Born in Wrington, Somerset, England, John Locke would have been 26 at the execution of King Charles the 1st for believing in the divine right of Kings nonsense, and 11 years with no monarch under Cromwell, but England found him rather dull and so in came Charles the 2nd in 1660 from Scotland where he’d been hiding – Locke would have been 37.
Certainly a chaotic couple decades, and from that came the political philosophies of the father of liberalism.
Locke’s theory of mind is often cited as the origin of modern conceptions of identity and the self, figuring prominently in the work of later philosophers such as David Hume, Rousseau, and Immanuel Kant. Locke was the first to define the self through a continuity of consciousness. He postulated that, at birth, the mind was a blank slate or tabula rasa.
Tabula Rasa, that, those words I guess I can say, they at some point over the last week niggled at the edges, but I couldn’t place them to anything, so I ignored it.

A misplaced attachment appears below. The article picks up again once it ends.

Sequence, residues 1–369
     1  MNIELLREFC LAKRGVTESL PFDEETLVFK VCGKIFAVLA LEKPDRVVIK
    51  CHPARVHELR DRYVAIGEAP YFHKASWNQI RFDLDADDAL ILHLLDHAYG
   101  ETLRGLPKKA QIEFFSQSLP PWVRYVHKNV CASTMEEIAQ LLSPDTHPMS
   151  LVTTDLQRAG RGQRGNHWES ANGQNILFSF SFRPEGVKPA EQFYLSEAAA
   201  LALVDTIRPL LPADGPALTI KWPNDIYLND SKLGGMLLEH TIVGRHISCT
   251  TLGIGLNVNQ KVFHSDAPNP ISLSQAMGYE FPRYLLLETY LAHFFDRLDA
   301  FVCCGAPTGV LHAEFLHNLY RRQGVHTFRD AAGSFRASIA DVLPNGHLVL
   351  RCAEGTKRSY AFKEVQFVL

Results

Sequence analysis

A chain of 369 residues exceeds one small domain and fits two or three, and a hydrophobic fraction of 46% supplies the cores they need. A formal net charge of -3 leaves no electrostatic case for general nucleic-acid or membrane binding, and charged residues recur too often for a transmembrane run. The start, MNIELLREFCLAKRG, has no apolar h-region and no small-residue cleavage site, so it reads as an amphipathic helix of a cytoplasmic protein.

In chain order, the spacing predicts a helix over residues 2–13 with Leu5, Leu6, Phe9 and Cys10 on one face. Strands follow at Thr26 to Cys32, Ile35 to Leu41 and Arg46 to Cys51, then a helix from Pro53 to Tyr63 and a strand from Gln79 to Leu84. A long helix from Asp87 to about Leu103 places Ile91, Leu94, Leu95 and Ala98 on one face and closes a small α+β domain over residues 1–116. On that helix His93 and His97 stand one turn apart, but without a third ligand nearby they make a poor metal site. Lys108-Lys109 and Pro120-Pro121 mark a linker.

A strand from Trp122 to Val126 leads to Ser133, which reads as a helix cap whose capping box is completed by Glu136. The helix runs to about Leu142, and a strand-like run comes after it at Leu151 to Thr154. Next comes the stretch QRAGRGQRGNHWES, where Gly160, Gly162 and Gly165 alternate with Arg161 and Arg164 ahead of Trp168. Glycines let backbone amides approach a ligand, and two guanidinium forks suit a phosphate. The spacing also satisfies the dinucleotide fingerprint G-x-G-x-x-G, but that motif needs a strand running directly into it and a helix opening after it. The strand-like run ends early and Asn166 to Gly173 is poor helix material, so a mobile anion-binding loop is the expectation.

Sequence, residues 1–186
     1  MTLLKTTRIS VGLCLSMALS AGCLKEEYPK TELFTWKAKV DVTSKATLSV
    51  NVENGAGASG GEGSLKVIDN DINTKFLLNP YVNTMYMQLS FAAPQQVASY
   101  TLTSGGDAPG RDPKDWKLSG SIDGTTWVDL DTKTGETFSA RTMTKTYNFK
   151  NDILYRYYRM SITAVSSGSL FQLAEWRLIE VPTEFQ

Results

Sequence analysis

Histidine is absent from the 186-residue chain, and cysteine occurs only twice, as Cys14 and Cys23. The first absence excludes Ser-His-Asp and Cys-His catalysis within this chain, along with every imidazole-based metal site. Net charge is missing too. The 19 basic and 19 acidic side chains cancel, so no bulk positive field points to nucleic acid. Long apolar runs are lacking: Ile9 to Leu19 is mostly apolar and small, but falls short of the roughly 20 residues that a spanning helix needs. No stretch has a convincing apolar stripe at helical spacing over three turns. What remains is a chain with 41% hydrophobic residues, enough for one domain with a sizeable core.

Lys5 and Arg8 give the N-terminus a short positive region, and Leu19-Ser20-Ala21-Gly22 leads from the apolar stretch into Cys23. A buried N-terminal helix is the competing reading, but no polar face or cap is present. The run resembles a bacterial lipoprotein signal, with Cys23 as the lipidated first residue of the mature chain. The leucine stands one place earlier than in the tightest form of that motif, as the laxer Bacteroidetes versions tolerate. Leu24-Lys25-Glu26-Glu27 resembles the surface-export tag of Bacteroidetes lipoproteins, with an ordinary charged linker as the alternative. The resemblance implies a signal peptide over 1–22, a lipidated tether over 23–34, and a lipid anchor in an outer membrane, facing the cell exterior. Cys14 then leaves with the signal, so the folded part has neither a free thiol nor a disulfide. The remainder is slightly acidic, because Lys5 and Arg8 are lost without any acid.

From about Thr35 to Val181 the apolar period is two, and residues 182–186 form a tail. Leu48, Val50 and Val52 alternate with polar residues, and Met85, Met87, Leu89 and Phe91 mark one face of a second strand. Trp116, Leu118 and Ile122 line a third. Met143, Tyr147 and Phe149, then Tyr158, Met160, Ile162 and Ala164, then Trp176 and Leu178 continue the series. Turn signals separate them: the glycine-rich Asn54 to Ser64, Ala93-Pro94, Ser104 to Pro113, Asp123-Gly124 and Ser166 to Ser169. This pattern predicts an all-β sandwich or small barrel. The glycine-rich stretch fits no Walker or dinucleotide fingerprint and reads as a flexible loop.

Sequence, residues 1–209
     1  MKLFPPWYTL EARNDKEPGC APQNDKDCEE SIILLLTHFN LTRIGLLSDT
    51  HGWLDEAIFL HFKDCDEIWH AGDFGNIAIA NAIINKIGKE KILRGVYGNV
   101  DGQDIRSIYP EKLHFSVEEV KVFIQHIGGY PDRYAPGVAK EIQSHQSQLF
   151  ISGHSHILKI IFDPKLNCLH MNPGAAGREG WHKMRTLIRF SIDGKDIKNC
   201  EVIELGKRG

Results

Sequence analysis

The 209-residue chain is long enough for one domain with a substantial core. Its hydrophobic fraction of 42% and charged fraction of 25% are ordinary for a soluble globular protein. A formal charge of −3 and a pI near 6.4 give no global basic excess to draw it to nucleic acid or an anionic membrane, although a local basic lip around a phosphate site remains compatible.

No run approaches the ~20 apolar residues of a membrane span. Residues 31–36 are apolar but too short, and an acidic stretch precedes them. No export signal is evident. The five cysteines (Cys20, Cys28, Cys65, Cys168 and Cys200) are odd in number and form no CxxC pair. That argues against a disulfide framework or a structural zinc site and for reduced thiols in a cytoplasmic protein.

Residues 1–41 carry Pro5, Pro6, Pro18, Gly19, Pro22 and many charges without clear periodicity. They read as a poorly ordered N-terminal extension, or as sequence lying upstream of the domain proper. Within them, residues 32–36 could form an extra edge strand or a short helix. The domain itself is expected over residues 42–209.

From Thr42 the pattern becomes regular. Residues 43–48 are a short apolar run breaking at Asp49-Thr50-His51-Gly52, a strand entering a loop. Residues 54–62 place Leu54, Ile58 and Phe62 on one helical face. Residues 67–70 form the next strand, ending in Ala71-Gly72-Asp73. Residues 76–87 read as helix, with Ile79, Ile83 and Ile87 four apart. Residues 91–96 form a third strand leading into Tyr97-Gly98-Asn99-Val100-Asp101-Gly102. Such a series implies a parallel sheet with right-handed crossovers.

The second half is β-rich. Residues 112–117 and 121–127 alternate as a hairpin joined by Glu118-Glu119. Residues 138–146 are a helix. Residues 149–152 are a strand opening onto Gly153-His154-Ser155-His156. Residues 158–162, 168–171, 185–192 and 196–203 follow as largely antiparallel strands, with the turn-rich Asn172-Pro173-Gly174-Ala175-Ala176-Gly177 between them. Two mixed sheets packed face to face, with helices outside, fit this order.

Then, whilst sitting here zoning out to some meditation music, in my zen place, going within, and there it was again TABULA RASA. So I wrote it down and, and continued to zone out for a few more minutes until this niggling feeling I couldn’t shake took over and I finally decided to google it and Locke’s name came up, and so I read on.
The funny thing, or strange thing, is that he shares the same birthdate as my mom, August 29th, though over 320 years apart, but interesting, a bit of synchronicity, eh?
Locke himself was a man of science so I would imagine all that hoogy moogy would not meet with his approval, but he would have understood, even encouraged that pursuit of pleasure, and my right to define myself, to live my own dreams, and have the liberty to pursue them.
His idea was that in calculating our own satisfaction, the pros and cons, weighing our options and with our own self-interest, most reasonable people would prefer to have a limited form of government in order to gain and preserve our rights to life, liberty and property. Government by the consent of the people, in order to protect the rights and freedoms of all individuals, we naturally, therefore, gain those rights and freedoms ourselves, and we empower government by allowing them a certain power over particular aspects of our freedom.